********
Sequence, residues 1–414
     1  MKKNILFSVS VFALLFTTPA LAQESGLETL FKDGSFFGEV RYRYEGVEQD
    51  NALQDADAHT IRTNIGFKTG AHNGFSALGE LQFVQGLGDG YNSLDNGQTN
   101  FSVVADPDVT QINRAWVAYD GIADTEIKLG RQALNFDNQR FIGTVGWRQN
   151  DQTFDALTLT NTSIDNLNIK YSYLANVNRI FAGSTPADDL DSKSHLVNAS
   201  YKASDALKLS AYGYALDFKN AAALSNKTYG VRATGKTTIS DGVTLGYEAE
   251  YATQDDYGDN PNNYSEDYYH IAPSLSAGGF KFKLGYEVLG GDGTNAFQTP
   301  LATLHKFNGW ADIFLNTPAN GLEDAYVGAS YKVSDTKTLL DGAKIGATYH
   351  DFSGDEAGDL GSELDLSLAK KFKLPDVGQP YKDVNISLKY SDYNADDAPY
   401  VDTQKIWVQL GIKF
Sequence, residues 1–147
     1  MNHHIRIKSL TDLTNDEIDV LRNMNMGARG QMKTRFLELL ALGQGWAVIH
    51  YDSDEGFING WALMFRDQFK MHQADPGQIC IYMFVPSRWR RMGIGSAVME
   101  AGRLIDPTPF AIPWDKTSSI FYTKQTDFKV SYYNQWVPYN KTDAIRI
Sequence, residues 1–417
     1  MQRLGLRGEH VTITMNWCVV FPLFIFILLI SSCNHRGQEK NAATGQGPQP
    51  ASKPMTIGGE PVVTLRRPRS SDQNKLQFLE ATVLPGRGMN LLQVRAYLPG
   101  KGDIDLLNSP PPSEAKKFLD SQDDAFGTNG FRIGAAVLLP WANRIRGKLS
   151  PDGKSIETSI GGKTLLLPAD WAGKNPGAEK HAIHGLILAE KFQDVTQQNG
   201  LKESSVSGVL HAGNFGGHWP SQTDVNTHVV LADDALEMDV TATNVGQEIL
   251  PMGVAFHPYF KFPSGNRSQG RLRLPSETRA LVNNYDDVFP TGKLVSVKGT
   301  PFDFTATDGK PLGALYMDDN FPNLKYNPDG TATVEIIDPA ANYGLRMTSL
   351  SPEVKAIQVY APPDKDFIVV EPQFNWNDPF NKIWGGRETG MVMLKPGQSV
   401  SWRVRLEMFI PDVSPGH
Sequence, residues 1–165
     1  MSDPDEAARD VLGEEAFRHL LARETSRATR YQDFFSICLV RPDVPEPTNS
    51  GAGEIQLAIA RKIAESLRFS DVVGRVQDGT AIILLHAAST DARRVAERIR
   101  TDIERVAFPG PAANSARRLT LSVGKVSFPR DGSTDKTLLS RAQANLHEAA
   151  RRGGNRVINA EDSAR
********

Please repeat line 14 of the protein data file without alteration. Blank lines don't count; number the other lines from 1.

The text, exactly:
   101  AGRLIDPTPF AIPWDKTSSI FYTKQTDFKV SYYNQWVPYN KTDAIRI